India is ready to be the 'Sherpa' to help Nepal scale the mountain of success, Prime Minister Narendra Modi said on Saturday, hailing the Himalayan nation's successful journey from bullets to ballots.
Addressing a civic reception programme to honour him in Kathmandu, Modi stressed on the special relation shared by the two neighbours and admired Nepal's spirit of resilience and commitment towards democracy.
"Nepal has covered a long journey from Yuddh to Buddh (War to Peace). You have left the bullet to opt the ballot way...But this not the destination. You have to go a long way," Modi told the gathering.
"You have reached the base camp of the Mt Everest and the main climb is yet to be done. As the Sherpas help mountaineers to reach the top of the Everest, India is ready to help Nepal like a Sherpa to achieve development," he said.
Modi said Nepal must identify its needs and priorities to deliver results. "India will stand shoulder-to-shoulder to help Nepal in its development journey. Your success is our success and your joy is our joy."
He said 'Sabka Saath, Sabka Vikas' is as much about global well being as it's about India's growth.
"India has always worked for global good. India has taken the lead in mitigating the menace of climate change. The International Solar Alliance has brought together nations from across the world," he said.
Modi congratulated Nepalese people for their combined strengths to rebuild the country after the devastating earthquake of 2015. He also congratulated them for the Constitution that reshaped the country's political history by embracing federal system.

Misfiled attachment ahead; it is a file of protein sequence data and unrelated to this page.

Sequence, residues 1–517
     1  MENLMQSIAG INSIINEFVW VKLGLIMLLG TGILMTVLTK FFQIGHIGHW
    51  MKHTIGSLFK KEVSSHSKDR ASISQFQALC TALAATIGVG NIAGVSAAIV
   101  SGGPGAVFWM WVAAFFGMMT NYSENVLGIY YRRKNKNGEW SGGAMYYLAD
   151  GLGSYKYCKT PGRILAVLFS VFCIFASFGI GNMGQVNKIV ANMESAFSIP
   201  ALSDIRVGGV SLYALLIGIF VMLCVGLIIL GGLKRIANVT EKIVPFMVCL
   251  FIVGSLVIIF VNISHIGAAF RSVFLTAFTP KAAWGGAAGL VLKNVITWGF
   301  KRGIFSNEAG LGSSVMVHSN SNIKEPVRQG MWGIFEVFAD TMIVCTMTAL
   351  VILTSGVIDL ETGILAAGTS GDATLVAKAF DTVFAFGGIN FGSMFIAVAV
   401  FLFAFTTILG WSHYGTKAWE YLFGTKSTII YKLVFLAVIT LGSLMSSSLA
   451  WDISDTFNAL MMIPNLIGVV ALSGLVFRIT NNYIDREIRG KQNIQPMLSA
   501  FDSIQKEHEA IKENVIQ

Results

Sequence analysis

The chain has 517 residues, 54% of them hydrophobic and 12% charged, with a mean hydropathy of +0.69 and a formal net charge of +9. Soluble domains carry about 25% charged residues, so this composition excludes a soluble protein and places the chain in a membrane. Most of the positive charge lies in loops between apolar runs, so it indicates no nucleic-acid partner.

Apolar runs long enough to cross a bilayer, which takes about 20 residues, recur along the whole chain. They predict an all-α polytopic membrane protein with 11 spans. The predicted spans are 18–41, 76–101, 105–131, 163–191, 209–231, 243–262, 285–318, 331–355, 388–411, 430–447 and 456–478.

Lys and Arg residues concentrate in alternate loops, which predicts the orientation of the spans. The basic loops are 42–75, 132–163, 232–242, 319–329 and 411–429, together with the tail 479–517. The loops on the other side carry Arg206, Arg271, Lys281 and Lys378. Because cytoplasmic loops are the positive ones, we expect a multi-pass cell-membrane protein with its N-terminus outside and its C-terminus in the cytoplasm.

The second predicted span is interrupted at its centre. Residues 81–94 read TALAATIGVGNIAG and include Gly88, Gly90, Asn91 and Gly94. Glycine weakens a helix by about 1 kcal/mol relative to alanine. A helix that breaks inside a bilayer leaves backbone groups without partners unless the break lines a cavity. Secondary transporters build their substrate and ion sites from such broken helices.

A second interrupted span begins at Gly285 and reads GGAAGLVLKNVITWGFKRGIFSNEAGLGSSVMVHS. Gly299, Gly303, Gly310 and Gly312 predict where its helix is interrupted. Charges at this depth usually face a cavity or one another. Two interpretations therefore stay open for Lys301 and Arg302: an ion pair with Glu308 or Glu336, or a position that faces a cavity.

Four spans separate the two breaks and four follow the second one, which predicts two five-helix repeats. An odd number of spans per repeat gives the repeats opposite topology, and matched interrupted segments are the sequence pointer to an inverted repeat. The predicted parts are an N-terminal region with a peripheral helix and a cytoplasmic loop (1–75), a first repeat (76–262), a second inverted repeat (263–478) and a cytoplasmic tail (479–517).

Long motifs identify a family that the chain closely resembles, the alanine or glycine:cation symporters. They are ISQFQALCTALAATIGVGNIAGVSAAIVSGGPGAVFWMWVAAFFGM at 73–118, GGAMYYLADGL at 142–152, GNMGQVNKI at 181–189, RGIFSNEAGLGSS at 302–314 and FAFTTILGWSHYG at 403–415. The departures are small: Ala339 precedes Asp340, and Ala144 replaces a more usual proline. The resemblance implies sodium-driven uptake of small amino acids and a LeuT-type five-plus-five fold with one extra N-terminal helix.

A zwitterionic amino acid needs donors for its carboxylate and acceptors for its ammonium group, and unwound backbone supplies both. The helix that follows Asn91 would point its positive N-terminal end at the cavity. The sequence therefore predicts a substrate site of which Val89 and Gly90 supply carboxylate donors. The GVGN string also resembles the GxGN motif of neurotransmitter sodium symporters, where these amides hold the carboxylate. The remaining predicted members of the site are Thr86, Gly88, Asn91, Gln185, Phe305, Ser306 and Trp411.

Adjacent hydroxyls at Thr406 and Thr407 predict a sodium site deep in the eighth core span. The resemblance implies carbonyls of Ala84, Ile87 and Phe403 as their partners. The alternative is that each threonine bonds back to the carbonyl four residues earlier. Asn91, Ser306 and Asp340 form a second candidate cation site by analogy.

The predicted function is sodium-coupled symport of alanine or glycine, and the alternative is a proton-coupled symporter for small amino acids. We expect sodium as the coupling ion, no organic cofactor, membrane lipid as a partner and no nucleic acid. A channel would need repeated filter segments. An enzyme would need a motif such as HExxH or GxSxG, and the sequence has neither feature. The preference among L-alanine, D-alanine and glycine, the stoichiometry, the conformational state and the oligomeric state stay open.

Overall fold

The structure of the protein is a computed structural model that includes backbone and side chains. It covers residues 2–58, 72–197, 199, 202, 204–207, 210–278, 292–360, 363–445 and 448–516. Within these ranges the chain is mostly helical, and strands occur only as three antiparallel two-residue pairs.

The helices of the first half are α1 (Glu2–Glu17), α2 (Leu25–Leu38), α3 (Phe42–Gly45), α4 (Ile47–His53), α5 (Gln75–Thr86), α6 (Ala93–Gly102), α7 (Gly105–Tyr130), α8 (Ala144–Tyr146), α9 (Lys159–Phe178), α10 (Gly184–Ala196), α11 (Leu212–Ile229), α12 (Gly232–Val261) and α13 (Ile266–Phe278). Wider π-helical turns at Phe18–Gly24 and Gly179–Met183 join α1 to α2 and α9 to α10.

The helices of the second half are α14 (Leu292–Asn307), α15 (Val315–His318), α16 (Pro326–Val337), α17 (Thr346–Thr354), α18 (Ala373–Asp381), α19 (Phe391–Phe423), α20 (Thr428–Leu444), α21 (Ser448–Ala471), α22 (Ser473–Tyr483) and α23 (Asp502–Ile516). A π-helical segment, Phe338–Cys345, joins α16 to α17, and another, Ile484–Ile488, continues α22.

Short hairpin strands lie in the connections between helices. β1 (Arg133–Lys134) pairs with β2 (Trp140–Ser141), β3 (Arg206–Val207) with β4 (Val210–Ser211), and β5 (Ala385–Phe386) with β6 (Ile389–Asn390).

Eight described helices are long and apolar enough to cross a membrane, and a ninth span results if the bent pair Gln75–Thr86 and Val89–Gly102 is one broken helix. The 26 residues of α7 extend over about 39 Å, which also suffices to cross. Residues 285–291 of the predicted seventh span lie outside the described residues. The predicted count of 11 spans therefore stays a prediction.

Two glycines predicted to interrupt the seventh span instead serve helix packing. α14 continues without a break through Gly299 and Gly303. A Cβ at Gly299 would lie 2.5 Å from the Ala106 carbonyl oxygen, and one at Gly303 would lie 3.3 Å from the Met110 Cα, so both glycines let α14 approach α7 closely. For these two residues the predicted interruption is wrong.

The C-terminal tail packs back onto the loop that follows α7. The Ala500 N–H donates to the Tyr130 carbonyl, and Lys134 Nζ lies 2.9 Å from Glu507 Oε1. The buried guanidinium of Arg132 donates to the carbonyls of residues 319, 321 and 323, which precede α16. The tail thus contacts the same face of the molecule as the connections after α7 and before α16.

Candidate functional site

"There is an atmosphere of hope and optimism in Nepal," Modi said, adding that India would always become partner to Nepal's progress.
As India and Nepal share the ancient culture and religion of the world, people from all over the world come to these two countries in search for peace, he pointed out.
Modi said he is always attracted by artistic city of Kathmandu, which he described as 'a jewel in the lap of the Himalayas.'
All three cities of the valley - Kathmandu, Lalitpur and Bhaktapur - are the centre of craftmanship, art and culture, he said.
Describing Kathmandu as a mixture of the ancient and the modern, Modi said the city showcases the culture of Nepal.
"There is something unique about the beauty of Kathmandu. It's a special city. It has an important place in the history of the world," he said.
"Nepal is a country of diversity and Kathmandu is a world in its own," Modi said. "The diversity gives fresh air to any outsider."
He also said that the work has begun on the detailed project report for linking Kathmandu to India via rail network.
Modi expressed his desire to travel to Lumbini, the birthplace of Lord Buddha in his future visit.
"During my previous visits I prayed at Pashupatinath. This time, in addition to Pashupatinath, I went to Janakpur and Muktinath. These places illustrate close ties between our nations," he said.
He repeated 'Nepal Bhaarat Maitri Amar Rahos (Long live Nepal-India Friendship)' thrice at the end of his speech.
Earlier, Kathmandu Mayor Bidya Sundar Shakya presented symbolic key of the city to Modi, which symbolises that the door to Kathmandu would always remain open to him.
Modi was also presented with various memoir tokens including a 55-kg Lord Buddha statue.